Sarah Knight Adamson

Chicago-based Sarah Knight Adamson is the film critic for the Internationally syndicated radio show Hollywood 360, broadcast on over 90 stations. She has served on film panels for the Chicago Public Library, been a juror at film festivals, and writes about film for Naperville Magazine. She is founder and publisher of Sarah’s Backstage Pass website, where her written work appears.

 

Articles by Sarah Knight Adamson

 

WOMEN ROCK THE 23RD CRITICS CHOICE AWARDS — Sarah Knight Adamson reports

Critics-Choice-Awards-logo-620x360What a joy to attend the Critics Choice Awards on the heels of the female-driven Golden Globes Awards earlier in the week, as women across the globe were inspired by Oprah’s Cecil B. DeMille Award acceptance speech. The mood Thursday evening, January 11, was exciting to say the least. Everywhere you looked, women−whether celebrities or critics—were beaming. Yes, the room was euphoric in celebration, as finally our voices are being heard. Continue reading…

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THE DISASTER ARTIST — Review by Sarah Knight Adamson

“The Disaster Artist,” rated (R), is a comedy based on the real-life story of Hollywood writer/director Tommy Wiseau. His claim to fame is a dramatic film he made, The Room,in 2003. You see, it’s so bad, that it’s actually good and has become a major cult film. Continue reading….

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WONDER — Review by Sarah Knight Adamson

“Wonder” (rated PG) is a drama and comedy based on R.J. Palacio’s best selling book of the same name. It tells the story of August (Auggie) Pullman played by Jacob Tremblay, who is barely recognizable in the film. Remember when he played that darling little boy in the film “Room” in 2015? Auggie’s a good-natured, funny and smart 10-year-old boy, who was born with noticeable facial deformities. Julia Roberts gives an amazing performance as Auggie’s devoted mom, and Owen Wilson stars as a very cool dad. Continue reading…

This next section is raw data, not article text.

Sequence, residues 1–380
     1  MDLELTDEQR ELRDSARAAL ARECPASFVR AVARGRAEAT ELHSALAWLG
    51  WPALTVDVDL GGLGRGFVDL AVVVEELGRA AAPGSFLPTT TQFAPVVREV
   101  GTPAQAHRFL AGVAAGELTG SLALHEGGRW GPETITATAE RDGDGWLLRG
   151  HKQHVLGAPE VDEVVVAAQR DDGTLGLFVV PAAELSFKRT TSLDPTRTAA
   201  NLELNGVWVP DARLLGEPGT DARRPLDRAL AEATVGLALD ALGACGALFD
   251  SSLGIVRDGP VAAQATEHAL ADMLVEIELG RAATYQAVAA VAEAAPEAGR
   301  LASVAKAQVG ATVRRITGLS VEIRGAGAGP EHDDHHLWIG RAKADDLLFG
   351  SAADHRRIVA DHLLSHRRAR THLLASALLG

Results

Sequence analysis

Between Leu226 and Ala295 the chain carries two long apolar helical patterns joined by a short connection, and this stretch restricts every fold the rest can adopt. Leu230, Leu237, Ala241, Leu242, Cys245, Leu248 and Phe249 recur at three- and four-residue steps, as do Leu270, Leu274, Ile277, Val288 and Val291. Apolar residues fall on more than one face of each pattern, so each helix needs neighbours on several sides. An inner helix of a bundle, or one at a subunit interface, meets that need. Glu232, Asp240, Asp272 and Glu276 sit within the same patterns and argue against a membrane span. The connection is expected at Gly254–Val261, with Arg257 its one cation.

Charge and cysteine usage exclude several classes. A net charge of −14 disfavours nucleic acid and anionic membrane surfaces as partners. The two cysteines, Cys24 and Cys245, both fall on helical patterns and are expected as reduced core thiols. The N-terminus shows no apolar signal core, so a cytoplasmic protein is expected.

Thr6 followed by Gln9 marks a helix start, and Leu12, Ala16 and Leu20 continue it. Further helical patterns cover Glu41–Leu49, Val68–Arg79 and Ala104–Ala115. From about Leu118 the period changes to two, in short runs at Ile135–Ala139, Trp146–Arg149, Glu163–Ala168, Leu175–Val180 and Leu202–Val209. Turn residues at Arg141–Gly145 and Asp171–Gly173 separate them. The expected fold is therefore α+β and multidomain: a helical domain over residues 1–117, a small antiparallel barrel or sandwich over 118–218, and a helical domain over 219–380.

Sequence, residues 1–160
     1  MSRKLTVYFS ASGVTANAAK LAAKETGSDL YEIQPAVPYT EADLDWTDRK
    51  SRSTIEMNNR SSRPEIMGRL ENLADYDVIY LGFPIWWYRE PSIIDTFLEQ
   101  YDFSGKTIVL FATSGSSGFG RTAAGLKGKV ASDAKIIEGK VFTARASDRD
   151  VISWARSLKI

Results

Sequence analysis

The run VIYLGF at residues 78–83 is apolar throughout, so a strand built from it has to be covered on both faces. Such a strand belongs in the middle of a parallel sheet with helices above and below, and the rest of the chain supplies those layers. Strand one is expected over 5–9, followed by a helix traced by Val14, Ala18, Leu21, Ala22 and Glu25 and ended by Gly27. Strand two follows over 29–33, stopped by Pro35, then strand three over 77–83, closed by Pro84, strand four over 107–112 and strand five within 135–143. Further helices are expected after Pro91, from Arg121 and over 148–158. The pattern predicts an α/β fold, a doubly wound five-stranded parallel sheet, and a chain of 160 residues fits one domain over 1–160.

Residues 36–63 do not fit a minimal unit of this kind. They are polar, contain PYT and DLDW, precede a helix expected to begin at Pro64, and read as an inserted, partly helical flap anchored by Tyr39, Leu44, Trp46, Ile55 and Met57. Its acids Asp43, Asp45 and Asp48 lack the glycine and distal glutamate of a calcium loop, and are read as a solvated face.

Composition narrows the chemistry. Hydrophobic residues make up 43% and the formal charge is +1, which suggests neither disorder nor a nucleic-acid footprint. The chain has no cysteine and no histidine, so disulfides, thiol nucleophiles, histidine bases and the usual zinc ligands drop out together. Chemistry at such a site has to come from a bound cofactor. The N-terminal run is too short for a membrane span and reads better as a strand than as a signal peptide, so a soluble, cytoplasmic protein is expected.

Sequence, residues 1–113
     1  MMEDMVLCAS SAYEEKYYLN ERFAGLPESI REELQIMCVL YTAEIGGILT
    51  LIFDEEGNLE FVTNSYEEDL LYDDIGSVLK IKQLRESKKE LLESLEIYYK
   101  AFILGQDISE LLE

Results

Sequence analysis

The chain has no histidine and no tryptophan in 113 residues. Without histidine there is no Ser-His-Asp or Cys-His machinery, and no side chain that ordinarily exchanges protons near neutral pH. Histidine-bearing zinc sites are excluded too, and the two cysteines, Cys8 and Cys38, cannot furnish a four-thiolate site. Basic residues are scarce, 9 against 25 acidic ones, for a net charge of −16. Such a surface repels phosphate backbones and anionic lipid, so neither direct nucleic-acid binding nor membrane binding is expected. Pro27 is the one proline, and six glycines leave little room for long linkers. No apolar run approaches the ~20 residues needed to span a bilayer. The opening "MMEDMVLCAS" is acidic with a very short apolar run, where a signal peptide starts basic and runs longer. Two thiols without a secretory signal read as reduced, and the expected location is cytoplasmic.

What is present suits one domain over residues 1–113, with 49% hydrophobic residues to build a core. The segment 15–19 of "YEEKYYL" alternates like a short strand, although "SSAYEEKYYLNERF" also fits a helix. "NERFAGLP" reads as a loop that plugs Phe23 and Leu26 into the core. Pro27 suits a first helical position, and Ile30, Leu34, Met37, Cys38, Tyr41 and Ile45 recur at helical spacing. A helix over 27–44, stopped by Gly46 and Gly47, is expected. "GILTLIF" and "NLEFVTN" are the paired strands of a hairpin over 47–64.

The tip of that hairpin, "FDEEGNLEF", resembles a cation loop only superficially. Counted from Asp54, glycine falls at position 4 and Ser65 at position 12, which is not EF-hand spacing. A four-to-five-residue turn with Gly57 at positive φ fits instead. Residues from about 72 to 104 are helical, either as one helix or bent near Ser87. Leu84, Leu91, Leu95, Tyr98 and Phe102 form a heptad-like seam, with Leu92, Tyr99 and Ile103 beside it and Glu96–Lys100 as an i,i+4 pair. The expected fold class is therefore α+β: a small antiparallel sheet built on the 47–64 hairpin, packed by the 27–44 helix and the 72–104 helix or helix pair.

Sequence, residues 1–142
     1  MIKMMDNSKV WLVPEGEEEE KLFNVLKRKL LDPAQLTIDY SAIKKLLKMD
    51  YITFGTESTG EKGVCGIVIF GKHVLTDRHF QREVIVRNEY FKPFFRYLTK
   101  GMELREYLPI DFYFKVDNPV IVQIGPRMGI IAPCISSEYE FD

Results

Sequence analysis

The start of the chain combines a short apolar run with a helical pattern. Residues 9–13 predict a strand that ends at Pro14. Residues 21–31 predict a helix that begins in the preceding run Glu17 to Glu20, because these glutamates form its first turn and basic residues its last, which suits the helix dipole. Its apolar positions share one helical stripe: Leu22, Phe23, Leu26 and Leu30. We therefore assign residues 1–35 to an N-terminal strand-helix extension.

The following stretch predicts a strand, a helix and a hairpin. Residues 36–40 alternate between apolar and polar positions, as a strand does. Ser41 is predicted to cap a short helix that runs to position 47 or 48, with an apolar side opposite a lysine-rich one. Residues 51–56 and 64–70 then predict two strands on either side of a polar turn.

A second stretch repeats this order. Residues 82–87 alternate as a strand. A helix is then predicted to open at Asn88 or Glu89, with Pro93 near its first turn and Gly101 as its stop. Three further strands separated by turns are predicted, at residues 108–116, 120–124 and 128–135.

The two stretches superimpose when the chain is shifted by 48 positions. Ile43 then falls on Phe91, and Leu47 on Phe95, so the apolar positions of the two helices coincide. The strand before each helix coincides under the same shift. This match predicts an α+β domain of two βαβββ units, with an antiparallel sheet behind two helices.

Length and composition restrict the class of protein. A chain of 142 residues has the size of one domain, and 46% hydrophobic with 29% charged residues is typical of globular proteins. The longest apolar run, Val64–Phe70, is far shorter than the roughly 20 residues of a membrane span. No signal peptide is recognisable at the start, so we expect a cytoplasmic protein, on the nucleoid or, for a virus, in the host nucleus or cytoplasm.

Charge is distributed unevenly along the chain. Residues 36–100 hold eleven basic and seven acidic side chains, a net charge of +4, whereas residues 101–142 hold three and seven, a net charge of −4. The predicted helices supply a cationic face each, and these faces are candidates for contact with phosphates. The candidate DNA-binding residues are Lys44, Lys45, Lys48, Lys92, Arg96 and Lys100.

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MUDBOUND — Review by Sarah Knight Adamson

“Mudbound” is a drama that takes place just after WWII, on a cotton farm in Mississippi. It’s based on the novel written by Hillary Jordan with themes of poverty, racism, violence and a divided America. It stars Jason Clarke as Nate and his wife. Laura, is played by Carey Mulligan. They are landowners. Mary J. Blige stars as Florence their neighbor and sharecropper; she’s married to a sharecropper Hap, played by Rob Morgan. Continue reading…

The sons of both families played by Garret Hedlund and Jason Mitchell served in the war and return only to find bigotry and hatred all enforced by the Ku Klux Klan.

Let’s take a listen: A storekeeper asks, “How long have you been back from overseas? Hedlund replies, “Just a couple of weeks.” (A loud noise causes flashbacks of the war to enter Hedlund’s mind.) Mitchell says, “It’s alright it’s just a car, it must have backfired.”

Here’s Another Clip: Rob Morgan (Hap) says, “This place, this law, we don’t belong to them. Carey Mulligan (Laura) says, “When I think of the farm, I think of mud incrusted in our knees and hair.”

The Bottom-Line: I’m in. Four stars out of Four

This is one of the best films of 2017! I felt like I was watching a literary masterpiece projected on the big screen due to the outstanding script.

It’s based on the history of our country and the cruelties of what people had to endure and shows the bravery of the heroic people that stood up to racism.

Under stellar direction by Dee Rees, we can’t help but empathize with the hardships of the characters.

This is Sarah Knight Adamson signing off for Hollywood 360 Radio Network.

“Mudbound” air date December 2, 2017

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Ebert Fest 2017 Focuses on Empathy — Sarah Knight Adamson reports

The 19th Annual Ebertfest Film Festival, April 19-23, was held at the historic 1,525-seat Virginia Theater and the University of Illinois campus in Champaign, IL. The festival highlighted a wide array of films, panels, and Q&A’s dedicated to the theme of empathy. Continue reading…

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